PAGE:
tiny house building codes myth four

“They can’t stop me from building my tiny house!  I’ll do what I want.”

In certain cities and states, you’re partially right. The question isn’t if they can or can’t stop you (they can). Your city inspectors won’t stop you unless your tiny house becomes a big public issue. If you don’t create too much buzz, or cause any complaints, they may turn a blind eye even if you don’t comply with building codes.

It’s important to note here that a city inspector holds all the power, if they decide they don’t want you in your tiny house, they can choose an array of legal justifications to enforce it.  The saying is you can’t fight town hall, because they’re the final say on all things.

But not complying is certainly a risk. The truth of the matter is, in most places they can stop you. The city inspectors will come through and condemn your tiny house. What condemnation means, is if you enter your house, you could legally get arrested for being in your own home!  The city regulators may also fine you for not complying with building codes. They may deny you utilities like they did to me (read about it here). In the worst cases, they may even run a bulldozer through your house to destroy it and tear it down.

All of these actions they can legally do and have done.  Worst of all you have no recourse for these actions, especially if your tiny house isn’t up to code. If you decide to risk it, it’s still important to learn and understand coding and zoning laws for your specific area. Then, if someone does complain or issues arise, you’ll be familiar with your rights.

Tiny House Building Code Myth 5

tiny house building codes myth five

My tiny house is on wheels, so codes and zoning regulations don’t apply.

The idea that wheels mean your tiny house is exempt from codes and zoning regulations is a big myth perpetrated by those who want to earn a quick buck off selling pre-made homes and plans to tiny house people.

It’s true, wheels will help your tiny house comply with loopholes and certain regulations, generally because it confuses the bureaucrats. There’s little official regulation out there specific to tiny home zoning. Plus, wheels mean your tiny home is easier to move, so there’s always the possibility of working around the regulations. But the hard truth is, the second you dwell in a structure it becomes a home, and when it comes to homes, all bets are off and the city will do what they want.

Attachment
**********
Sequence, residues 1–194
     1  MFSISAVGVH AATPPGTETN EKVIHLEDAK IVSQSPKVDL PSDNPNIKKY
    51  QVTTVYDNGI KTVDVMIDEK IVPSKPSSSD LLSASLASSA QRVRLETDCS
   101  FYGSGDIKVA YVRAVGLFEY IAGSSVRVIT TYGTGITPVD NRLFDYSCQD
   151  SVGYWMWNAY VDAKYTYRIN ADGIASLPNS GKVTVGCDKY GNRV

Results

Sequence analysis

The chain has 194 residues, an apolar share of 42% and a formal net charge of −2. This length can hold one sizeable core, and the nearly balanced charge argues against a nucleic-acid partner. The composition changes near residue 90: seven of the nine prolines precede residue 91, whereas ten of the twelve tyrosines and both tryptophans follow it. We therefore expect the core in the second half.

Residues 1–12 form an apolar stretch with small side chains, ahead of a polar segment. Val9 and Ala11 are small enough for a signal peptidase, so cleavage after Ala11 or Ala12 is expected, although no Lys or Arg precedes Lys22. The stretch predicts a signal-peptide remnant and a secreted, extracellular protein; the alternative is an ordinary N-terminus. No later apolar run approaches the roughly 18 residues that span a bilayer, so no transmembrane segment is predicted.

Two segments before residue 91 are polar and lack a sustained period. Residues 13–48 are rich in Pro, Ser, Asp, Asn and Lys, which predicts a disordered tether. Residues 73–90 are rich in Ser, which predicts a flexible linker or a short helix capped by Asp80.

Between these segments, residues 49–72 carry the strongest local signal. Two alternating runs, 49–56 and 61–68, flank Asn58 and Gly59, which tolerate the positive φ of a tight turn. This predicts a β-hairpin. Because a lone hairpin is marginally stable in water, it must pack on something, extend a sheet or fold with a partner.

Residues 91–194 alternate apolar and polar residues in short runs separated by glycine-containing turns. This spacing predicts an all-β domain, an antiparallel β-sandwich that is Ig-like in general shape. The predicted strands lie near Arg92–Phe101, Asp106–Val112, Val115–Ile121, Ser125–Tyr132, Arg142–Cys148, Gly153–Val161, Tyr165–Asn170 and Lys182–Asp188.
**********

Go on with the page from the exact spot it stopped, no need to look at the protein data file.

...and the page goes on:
So what’s a tiny homeowner (or potential owner) to do?!?

So what is a tiny homeowner to do

It’s frustrating when you realize there are few ways (if any) to legally live in a tiny home. Even if your tiny home passes inspection, chances are high it’s technically still not legal in the full language of the law.

So, what’s your best approach to live in a tiny house? Well, there are two approaches:

  1. Beat the city at their own game and know how to leverage the codes,
  2. Roll the dice and try to fly under the radar.

Each of these approaches to living the tiny life, have their pros and cons.  To get a better understanding of all aspects of building codes and tiny homes, I’ve created an eBook. This book will help you understand how to work within the system to gain legal status with your tiny house as much as possible. In the book, Cracking the Code: A Guide to Building Codes and Zoning for Tiny Houses, I’ll show you the key barriers faced by tiny house folks. I’ll offer possible solutions to overcome these common tiny house coding conundrums and issues.

In the book, I’ll also share with you a few strategies to help you beat the system. I’ll explain what you need to do if you choose to fly under the radar and how to live in your tiny house safely, without getting caught.

Whichever approach you choose to deal with the tiny house building code issues and regulations, both are covered in Cracking the Code: A Guide to Building Codes and Zoning for Tiny Houses. If you’re wondering how to understand codes and enjoy life in your tiny home hassle-free, you need this book!

cracking the code